The Privacy-First Approach in the Evolving Physical Security Industry

The physical security industry finds itself at a crucial juncture, with the rapid transition of video surveillance and analytics to the cloud offering both enhanced connectivity and intelligence. However, alongside these advancements, concerns arise regarding mass data collection, profiling, and potential abuse. Verkada, a leading cloud-based provider in the industry, is taking the initiative to chart a path that prioritizes privacy amidst these emerging tensions. By introducing features focused on protecting identities and validating footage authenticity, Verkada aims to establish a privacy-first approach.

Privacy-Focused Features to Protect Identities

In an interview with Verkada founder and CEO Filip Kaliszan, the motivation behind the new privacy and verification features is outlined. Kaliszan emphasizes their mission of protecting people and property in the most privacy-sensitive way possible. He states, “[The feature release] is about that privacy-sensitive way of accomplishing our goal.”

“Our mission is protecting people and property in the most privacy sensitive way possible,” Kaliszan said. “[The feature release] is about that privacy sensitive way of accomplishing our goal.”

The first update focuses on obscuring identities in video feeds. Verkada cameras will gain the ability to automatically blur faces and video streams, akin to augmented reality filters on social media apps. Kaliszan highlights that security guards monitoring feeds do not necessarily require all the intricate details about individuals until an incident occurs. Therefore, making blurring the default path whenever possible is a priority, with the goal of obfuscating identities in most videos.

Video Validation and Authenticity

In addition to facial recognition-based blurring, Verkada plans to implement hashing of captured video to create a tamper-proof digital fingerprint for each video. This feature helps combat concerns surrounding generative AI that can potentially fake or alter footage.

“We can say this video is real. It came out of one of our sensors and we have proof of when it was captured and how, or hey there is no match,” Kaliszan said.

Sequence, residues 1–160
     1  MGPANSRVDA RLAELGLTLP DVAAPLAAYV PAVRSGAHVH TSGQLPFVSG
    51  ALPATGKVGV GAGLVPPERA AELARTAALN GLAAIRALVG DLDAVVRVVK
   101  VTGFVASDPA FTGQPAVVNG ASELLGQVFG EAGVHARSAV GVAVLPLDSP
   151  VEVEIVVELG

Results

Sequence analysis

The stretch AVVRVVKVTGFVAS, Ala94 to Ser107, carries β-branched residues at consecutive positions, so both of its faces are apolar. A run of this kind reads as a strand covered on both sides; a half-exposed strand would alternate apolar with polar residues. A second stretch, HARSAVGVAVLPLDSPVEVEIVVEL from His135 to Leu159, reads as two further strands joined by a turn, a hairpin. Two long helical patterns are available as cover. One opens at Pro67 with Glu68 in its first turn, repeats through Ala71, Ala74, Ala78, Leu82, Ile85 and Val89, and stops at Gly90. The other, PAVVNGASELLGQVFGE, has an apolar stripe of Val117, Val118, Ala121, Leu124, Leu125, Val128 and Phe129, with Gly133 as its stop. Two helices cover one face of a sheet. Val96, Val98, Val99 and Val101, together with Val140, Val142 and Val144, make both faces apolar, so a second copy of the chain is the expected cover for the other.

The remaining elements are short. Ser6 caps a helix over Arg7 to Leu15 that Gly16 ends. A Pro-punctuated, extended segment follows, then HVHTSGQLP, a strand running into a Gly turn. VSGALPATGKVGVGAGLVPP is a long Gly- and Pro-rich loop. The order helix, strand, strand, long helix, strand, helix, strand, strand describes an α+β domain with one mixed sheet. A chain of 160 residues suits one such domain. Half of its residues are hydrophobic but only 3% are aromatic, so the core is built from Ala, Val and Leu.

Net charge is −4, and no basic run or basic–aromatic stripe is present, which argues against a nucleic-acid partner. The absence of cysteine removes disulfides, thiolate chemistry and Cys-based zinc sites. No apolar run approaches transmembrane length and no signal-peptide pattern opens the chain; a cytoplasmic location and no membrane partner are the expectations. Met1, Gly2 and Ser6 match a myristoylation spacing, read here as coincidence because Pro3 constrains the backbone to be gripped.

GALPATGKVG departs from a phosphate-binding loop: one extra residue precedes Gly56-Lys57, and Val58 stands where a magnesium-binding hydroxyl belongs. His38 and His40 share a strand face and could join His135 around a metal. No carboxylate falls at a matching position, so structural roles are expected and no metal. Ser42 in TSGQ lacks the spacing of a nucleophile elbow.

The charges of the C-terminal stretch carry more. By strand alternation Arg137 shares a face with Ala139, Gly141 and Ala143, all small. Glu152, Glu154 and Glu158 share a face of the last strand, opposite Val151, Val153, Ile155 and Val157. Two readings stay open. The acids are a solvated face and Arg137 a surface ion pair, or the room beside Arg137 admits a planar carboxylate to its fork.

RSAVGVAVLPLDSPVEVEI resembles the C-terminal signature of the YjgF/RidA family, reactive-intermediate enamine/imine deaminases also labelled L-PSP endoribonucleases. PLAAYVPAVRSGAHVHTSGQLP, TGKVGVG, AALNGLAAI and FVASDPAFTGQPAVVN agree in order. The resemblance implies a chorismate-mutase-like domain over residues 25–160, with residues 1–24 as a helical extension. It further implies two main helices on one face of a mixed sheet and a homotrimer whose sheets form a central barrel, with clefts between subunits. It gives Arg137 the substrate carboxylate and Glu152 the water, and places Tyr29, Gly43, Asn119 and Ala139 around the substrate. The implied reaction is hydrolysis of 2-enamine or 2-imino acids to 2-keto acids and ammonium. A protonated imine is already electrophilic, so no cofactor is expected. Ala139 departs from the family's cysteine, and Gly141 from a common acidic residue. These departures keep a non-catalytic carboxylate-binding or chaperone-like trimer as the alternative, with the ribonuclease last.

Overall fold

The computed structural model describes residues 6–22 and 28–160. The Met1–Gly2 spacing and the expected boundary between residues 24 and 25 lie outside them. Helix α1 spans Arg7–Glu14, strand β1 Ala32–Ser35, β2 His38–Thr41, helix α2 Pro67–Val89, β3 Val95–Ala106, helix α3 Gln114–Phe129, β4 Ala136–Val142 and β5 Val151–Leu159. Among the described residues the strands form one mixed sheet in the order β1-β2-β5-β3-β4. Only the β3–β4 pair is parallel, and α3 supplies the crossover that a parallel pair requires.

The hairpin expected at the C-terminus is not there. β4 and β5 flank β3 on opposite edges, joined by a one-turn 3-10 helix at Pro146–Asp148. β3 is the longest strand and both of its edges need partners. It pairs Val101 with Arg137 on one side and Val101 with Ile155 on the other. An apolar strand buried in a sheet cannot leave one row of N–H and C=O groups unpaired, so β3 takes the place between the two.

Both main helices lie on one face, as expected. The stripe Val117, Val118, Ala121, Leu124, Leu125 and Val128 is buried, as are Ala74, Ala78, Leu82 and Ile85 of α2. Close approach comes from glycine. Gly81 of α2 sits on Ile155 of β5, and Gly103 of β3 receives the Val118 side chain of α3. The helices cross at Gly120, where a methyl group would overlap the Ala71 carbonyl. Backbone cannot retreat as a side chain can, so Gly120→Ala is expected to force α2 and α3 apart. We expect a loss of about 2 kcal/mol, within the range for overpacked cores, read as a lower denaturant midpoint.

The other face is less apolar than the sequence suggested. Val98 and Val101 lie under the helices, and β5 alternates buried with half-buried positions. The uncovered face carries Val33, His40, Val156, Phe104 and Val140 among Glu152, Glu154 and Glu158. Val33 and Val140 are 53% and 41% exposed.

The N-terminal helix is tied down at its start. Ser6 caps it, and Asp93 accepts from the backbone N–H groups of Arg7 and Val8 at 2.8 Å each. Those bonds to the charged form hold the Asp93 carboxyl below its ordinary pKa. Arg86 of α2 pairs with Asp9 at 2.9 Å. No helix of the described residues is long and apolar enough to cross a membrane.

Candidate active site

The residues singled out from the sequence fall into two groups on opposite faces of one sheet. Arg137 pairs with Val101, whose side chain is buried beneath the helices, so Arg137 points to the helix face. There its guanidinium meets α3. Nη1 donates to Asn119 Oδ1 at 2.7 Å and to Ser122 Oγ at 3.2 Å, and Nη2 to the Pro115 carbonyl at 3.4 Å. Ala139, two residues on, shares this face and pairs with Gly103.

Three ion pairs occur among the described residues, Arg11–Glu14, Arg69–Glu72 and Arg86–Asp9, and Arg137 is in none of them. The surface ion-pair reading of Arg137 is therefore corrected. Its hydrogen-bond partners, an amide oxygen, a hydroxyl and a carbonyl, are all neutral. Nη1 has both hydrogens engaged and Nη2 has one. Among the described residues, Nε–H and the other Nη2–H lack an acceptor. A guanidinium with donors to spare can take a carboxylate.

By ensuring video authenticity, Verkada integrates privacy and verification capabilities while also aligning with ethical imperatives. Kaliszan emphasizes that it’s a win-win strategy for Verkada, as they do what they believe is right for society while building customer trust and preference.

However, some critics argue that Verkada’s incremental changes do not go far enough to protect privacy. Merve Hickok, president of the independent nonprofit Center for AI and Digital Policy, suggests that companies like Verkada should adopt a privacy-enhancing approach that avoids collecting unnecessary data in the first place. Hickok believes that even blurred footage can still enable tracking through location data, license plate readers, and heatmapping.

“If you’re doing it where it can be undone — you can undo it later — you’re still collecting that very intrusive information,” Hickok said.

Without stronger regulations, there is a concern that society is heading towards ubiquitous public surveillance. Hickok advocates for legal prohibitions on real-time biometric identification systems in public spaces, akin to those being debated in the European Union.

The Balancing Act and Implications for the Security Industry

Verkada finds itself at the crossroads of different perspectives on ethics and technology. While Kaliszan aims to demonstrate that security can be “privacy-sensitive” through features like blurring, critics argue whether Verkada’s business model can fully align with individual rights.

This dilemma holds significant implications not only for Verkada but also for the broader security industry. As physical security continues its transition to the cloud, companies like Verkada are guiding numerous organizations into new technological territory. The choices made today regarding data practices and defaults will have far-reaching consequences.

According to Hickok, companies need to be cognizant of their decisions and strike a balance between security and mass surveillance:

“We’re way closer to enabling the fully surveyed society than we are from a fully private and protected society,” she said. “So I think we do need to have that security measure, but maybe the takeaway here is the companies just need to be very cogent.”

For Verkada, achieving cogency entails advancing security while avoiding the development of a mass surveillance system. By considering privacy, tying identity locally, and processing data at the edge, Verkada aims to align their approach with societal needs and expectations.

“When all of it comes together, that privacy consideration further increases, right?” Kaliszan said. “And so thinking through how do we maintain privacy, how do we tie identity locally, doing the processing on the edge and not building a mass surveillance system.”

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